BBN: Description of the PLUM System as Used for MUC-4
BBN SYSTEMS AND TECHNOLOGIES CORP CAMBRIDGE MA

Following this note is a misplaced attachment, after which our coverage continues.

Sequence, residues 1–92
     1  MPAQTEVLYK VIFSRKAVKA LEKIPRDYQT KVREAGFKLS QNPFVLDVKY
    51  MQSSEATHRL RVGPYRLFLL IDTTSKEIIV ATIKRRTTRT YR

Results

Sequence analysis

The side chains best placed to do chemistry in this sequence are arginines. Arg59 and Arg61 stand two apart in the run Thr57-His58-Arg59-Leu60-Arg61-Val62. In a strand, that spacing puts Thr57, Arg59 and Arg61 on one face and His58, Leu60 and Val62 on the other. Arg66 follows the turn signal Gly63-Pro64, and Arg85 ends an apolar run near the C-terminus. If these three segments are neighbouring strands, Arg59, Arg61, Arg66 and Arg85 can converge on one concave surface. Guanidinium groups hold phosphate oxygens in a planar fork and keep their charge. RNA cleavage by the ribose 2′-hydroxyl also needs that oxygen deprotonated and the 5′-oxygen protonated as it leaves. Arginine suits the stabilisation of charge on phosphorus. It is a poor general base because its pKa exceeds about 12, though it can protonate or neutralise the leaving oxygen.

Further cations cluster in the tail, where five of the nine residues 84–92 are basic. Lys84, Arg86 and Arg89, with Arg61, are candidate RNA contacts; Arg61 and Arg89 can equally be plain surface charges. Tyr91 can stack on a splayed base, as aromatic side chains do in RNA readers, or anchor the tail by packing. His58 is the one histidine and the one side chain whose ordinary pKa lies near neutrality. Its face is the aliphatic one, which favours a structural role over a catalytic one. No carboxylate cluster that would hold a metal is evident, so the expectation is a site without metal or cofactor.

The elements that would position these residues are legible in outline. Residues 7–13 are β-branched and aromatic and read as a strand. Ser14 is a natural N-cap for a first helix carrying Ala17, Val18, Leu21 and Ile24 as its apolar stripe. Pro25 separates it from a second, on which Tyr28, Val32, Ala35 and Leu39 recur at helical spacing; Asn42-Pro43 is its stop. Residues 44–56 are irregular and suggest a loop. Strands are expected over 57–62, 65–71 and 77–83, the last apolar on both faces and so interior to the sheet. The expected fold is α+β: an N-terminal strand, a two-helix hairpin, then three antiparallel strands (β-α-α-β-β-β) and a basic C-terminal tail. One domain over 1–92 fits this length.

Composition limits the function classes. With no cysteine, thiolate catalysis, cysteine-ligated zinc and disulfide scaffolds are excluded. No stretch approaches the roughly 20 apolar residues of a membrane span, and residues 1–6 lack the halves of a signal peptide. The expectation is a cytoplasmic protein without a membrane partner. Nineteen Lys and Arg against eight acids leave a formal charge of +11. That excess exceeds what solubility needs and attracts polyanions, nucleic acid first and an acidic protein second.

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Traditional approaches to the problem of extracting data from texts have emphasized hand-rafted linguistic knowledge. In contrast, BBNs PLUM system Probabilistic Language Understanding Model was developed as part of a DARPA-funded research effort on integrating probabilistic language models with more traditional linguistic techniques. Our research and development goals are more rapid development of new applications, the ability to train and re-train systems based on user markings of correct and incorrect output, more accurate selection among interpretations when more than one is found, and more robust partial interpretation when no complete interpretation can be found. A central assumption of our approach is that in processing unrestricted text for data extraction, a non-trivial amount of the text will not be understood. As a result, all components of PLUM are designed to operate on partially understood input, taking advantage of information when available, and not failing when information is unavailable. We had previously performed experiments on components of the system with texts from the Wall Street Journal, however, the MUC-3 task was the first end-to-end application of PLUM. Very little hand-tuning of knowledge bases was done for MUC-4 since MUC-3, the system architecture as depicted in figure 1 has remained essentially the same. In addition to participating in MUC-4, since MUC-3 we focused on porting to new domains and a new language, and on performing various experiments designed to control recallprecision tradeoffs. To support these goals, the preprocessing component and the fragment combiner were made declarative the semantics component was generalized to use probabilities on word senses we expanded our treatment of reference we enlarged the set of system parameters at all levels and we created a new probabilistic classifier for text relevance which filters discourse events.
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